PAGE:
Review: Divinity: Original Sin

I’ve known Divinity: Original Sin was destined for greatness ever since I got my hands on the Alpha way back in February. Yeah, the game had some technical issues and characters had this weird penchant for disappearing into the ether while I swore at my computer and rebooted the whole thing for the tenth time that night, but there was an amazing amount of promise even in its early form. For those who have been following its progress since the Kickstarter campaign, now is the time to get excited, as it recently released in a final, bugs fixed, no more disappearing NPCs and frequent freezing full release. And it is absolutely excellent. Divinity: Original Sin isn’t one of the best indie RPGs of the year or crowdsourced RPGs or whatever other qualifier you want to tack on there. It is one of the best RPGs of the year, period, and perhaps one of the best examples yet that someone can use to point at Kickstarter and say the system works.

The game begins with you creating yourself and an opposite gender version of yourself because one you is simply not enough to tackle all there is in Rivellon. You and, uh, you are both source hunters tasked with solving the murder of a high ranking official. After making your way to Cyseal, you find things are worse than you initially anticipated, with orcs and the undead attacking the town and rumors of forbidden magic being involved in the official’s murder. Two other companions soon join you, and the four of you set off to solve a variety of quests. The plot itself is interesting enough, even if the real meat of the story often feels like it gets pushed aside at time. What makes the quest worth experiencing, however, is the well-written and often laugh out loud dialogue. There was a loving touch put into actually creating the game world, and as a result Rivellon feels alive with so many interesting interactions with a variety of NPCs to experience.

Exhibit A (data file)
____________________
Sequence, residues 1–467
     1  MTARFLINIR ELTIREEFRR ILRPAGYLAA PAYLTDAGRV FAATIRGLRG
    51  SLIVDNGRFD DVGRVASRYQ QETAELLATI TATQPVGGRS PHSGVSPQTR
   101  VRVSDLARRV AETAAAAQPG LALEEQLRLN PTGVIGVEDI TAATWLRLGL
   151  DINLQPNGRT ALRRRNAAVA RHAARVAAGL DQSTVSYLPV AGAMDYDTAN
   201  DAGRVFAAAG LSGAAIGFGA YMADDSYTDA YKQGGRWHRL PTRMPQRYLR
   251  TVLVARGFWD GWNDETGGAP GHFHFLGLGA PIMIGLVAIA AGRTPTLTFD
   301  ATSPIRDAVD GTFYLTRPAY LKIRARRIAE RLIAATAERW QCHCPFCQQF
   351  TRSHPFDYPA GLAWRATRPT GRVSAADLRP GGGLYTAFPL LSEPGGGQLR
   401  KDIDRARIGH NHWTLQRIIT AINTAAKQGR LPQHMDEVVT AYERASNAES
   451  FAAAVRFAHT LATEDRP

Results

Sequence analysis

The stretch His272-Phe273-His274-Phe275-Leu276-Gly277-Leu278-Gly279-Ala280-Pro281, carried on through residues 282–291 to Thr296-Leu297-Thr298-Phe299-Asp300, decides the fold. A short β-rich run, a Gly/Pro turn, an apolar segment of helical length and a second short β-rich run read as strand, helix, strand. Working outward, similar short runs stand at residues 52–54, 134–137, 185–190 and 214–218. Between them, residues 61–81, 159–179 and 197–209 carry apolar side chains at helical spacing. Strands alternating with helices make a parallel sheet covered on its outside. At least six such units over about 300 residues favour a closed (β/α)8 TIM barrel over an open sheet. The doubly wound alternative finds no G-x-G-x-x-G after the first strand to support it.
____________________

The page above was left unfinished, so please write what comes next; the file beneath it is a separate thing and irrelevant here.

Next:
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Divinity: Original Sin is all about choices and it really lets you dive into the roles of each of your characters. Most modern role-playing games have decidedly little actual role playing in the games, and Divinity: Original Sin truly separates itself from its competitors by putting such a heavy focus on it. The game loves throwing scenario after scenario at you just so it can sit back and see how you respond. When drunk guards mistake you for orcs, do you try and talk to them or do you smite their faces and then mosey on your psychotic way? And, equally as important, what does your traveling partner think? In multiplayer games the second person actually has a say in the story events and are free to go out and wander on their own, but in a single player campaign you are really taking on two roles, assuming you turn the AI off. It feels a bit schizophrenic at times, but it is an interesting experience to give life to two separate characters, each with their own personalities and thoughts on how to handle specific situations. And if the two partners can’t agree you are left participating in a rousing game of rock-paper-scissors to decide the outcome, which is admittedly kind of a stupid way to end up deciding these things.